Nodded my way through Marina Hyde’s comment on the latest “Clarkson affair” in Guardian of 3.4.14.  Full piece, plus 1500-plus comments, at




“Maybe race rows are cheaper by the dozen, in which case the last month has represented incredible value for the great British public. However, if you are one of those oddbods who loathe racism but find yourself increasingly troubled and/or bored by the form such thrice-weekly things take, then these are not the most encouraging of times.

“It is hard not to be struck by the blunt and useless standard of debate that has characterised this latest flare-up on an issue of monumental sensitivity, just as it has characterised so many before it.

“Clearly there are plenty who think that Jeremy Clarkson should have been sacked for the mumbled Top Gear outtake he is documented as having been at pains to rescind – just as I’m sure there were plenty within US law enforcement who were perfectly satisfied with Al Capone’s conviction for tax evasion. It’s a question of ambition. It’s unfashionable to have too much of it, which is why all right-thinking people to the left of Ukip – from Tories to commies – are supposed to regard it as a triumph each time a news outlet’s exposé forces Nigel Farage to outlaw some nobody for a vile thing they said on social media three years ago. This, apparently, is a win, even though the evidence suggests it simply calcifies the sense of asymmetric warfare against Ukip out there in the unreachable spaces where all those rising numbers of people who are going to vote for the party are living their unknowable lives …

“It is hard not to be struck by the blunt and useless standard of debate that has characterised this latest flare-up on an issue of monumental sensitivity, just as it has characterised so many before it …

“Are these increasingly, troublingly identikit explosions what the idealists might hope: a sign of hand-over-fist progress, where what once might have been regarded as a minor offence is now come down upon like a ton of bricks by a righteously avenging force that swells in number by the day? Or are they becoming the elevator music of public life, an insidious reinforcement of a polarised status quo, a pseudo event in which the chief bigots are privately more than happy to get caught up because it galvanises their own troops?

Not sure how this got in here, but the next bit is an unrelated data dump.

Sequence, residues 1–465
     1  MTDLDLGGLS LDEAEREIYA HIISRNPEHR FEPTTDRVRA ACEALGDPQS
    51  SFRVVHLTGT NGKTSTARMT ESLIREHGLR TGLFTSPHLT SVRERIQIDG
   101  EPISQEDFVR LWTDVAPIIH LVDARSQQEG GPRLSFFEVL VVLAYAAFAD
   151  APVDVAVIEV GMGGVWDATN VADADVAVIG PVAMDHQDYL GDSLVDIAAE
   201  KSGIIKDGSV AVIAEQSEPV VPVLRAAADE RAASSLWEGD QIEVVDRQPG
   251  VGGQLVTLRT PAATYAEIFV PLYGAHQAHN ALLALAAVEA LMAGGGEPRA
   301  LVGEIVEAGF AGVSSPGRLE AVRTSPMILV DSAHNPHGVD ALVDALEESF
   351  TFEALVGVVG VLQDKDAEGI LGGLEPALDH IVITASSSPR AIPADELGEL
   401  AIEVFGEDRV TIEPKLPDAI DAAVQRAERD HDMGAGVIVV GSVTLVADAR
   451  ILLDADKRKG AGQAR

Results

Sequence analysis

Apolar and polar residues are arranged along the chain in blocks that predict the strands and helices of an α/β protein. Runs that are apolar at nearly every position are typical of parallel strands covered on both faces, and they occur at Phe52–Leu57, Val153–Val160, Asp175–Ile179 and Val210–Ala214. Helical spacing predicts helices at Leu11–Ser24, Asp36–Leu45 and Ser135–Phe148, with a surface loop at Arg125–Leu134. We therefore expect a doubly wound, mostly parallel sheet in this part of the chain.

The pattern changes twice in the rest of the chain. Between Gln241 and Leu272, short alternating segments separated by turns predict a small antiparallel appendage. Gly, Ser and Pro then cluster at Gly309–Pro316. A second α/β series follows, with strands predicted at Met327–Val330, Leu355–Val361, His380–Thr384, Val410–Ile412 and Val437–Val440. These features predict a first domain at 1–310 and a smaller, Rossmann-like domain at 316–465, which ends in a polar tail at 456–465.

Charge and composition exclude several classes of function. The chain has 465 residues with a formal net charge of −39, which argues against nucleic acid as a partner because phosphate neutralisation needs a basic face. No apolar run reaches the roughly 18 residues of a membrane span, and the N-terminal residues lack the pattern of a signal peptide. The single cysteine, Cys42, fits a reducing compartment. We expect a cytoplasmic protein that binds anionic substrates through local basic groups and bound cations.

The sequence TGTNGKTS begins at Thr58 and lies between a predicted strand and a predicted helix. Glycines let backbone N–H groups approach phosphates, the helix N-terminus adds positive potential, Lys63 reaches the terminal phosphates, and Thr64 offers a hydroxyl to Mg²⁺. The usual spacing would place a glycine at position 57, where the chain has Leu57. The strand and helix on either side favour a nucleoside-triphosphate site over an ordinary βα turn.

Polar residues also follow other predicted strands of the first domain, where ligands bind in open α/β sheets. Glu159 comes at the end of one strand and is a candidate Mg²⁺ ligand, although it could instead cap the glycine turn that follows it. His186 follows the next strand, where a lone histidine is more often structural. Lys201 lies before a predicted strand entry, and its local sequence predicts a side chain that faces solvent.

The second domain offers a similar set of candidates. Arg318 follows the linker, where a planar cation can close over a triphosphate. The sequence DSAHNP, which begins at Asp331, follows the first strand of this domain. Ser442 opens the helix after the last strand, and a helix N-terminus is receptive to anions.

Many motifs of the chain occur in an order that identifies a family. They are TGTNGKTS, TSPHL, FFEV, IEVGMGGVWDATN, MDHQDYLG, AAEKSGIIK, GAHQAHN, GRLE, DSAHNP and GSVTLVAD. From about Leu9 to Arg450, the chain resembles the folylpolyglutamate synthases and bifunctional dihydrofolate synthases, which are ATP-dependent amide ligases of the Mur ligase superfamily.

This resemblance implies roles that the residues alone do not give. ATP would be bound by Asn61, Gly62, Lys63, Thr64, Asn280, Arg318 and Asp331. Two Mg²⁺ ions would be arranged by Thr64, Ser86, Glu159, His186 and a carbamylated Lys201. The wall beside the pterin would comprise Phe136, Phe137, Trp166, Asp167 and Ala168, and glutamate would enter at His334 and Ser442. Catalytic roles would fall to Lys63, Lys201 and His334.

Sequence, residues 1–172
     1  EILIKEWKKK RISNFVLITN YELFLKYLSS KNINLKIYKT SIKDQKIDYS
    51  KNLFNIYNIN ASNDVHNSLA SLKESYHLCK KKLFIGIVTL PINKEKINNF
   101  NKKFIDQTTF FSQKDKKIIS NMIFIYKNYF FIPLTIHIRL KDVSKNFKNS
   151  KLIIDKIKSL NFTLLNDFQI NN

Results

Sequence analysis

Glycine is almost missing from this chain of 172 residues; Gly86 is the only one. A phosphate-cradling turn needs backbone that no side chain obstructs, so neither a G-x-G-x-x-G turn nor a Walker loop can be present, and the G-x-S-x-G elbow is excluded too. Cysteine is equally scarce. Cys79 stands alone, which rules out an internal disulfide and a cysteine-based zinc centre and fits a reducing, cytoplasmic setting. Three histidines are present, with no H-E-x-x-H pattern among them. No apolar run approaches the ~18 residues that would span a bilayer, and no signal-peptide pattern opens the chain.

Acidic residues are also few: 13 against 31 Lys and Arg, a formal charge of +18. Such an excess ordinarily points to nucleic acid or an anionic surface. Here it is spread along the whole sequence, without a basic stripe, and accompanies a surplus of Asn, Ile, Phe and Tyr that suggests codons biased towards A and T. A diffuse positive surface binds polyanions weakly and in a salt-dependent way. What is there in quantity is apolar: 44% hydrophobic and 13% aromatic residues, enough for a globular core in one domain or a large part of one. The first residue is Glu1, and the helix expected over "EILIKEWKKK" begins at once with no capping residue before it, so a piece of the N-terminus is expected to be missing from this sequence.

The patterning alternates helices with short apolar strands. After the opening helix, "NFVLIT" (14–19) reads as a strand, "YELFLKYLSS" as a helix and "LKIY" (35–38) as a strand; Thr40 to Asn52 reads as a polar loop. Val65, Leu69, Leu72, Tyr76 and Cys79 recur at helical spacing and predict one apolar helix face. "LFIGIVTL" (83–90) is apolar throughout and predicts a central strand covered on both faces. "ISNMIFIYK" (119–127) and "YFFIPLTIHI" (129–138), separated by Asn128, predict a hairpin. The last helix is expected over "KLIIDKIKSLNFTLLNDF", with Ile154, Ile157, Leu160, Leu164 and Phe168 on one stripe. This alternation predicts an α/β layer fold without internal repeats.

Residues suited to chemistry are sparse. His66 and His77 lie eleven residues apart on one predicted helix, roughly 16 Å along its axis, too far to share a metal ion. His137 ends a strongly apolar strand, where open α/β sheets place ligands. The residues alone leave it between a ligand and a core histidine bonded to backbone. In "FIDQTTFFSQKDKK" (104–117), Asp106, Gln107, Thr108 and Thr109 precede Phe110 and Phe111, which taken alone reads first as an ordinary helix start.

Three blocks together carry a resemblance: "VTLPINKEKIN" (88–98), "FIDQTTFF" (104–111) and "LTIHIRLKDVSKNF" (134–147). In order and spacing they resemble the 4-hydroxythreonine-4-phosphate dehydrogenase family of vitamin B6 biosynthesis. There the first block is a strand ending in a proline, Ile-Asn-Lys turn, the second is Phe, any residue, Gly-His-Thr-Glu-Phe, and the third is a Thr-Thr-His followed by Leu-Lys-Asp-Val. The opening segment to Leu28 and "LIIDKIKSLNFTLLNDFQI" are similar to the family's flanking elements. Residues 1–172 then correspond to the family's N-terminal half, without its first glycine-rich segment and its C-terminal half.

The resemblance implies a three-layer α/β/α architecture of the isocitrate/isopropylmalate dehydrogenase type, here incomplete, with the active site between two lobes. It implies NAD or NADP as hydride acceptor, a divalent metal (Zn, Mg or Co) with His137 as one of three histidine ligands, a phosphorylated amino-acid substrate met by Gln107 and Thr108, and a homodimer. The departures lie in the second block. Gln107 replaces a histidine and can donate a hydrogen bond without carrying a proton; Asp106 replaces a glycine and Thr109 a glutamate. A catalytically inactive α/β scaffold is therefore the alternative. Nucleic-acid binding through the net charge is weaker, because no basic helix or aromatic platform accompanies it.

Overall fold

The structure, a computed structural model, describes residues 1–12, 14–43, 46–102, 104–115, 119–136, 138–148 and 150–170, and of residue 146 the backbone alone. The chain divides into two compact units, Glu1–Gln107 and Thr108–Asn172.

“To listen to the airwaves or read the internet when these things are running is to watch little more than the rabid restating of previously held views. Behold the endless entrenching of positions, which appears not to result in a single defection from either side to the other – a sort of rolling wasted opportunity, which will be coming around again before the spittle’s dry on this round.”



When you read a headline that reports Investigation Into Deaths After Keyhole Surgery, do you think – Well I never, it seems that a tiny minority of surgeons are not quite as brilliant as they and politicians and journalists generally think they are?  Or do you think – Frankly, I’m not surprised, seeing as most surgeons choose their careers in order to appear glamorous and heroic while making a lot of money, rather than because they were born with the subtle skills required and were ordered by God not to waste them?

I react along the latter lines to an awful lot of news stories, which is why I was an irritation to news editors for so many years.  Time and again, I find myself reaching for the Rule of Shit, which I have just dug up again from a previous blog, in preparation for a sometime essay on its inspirational message.

It is listed in Wikipedia as Sturgeon’s Law, named after Theodore Sturgeon, an American science fiction writer, who was speaking to an audience back in the 1950s when somebody challenged him to deny that 90 percent of sci-fi was pretty awful.  Sturgeon, by all accounts, pushed his glasses up his nose and said he could not, but, then, so was 90 percent of ballet and opera.  Pleased with the perception, he later argued in one of his stories that the same rule applied to all human endeavour and Sturgeon’s Law is usually summed up as “90 percent of everything is crap”.

Most of us know this to be true and are bored by the endless outrage newspapers manage to work up at the daily proof of it.



The semi-retirement of Jeremy Paxman leaves a vacancy, of course, but it has already been filled, to some extent, by Gogglebox, the Channel 4 series which offers a Friday night commentary on current events and entertainments, edited down from a week’s worth of comments on tv by a panel of regular viewers – recorded by cameras which are permanently focused on their settees.

Some people regard it as just cheap telly, which it is.  But I love it for The People’s ruthlessness.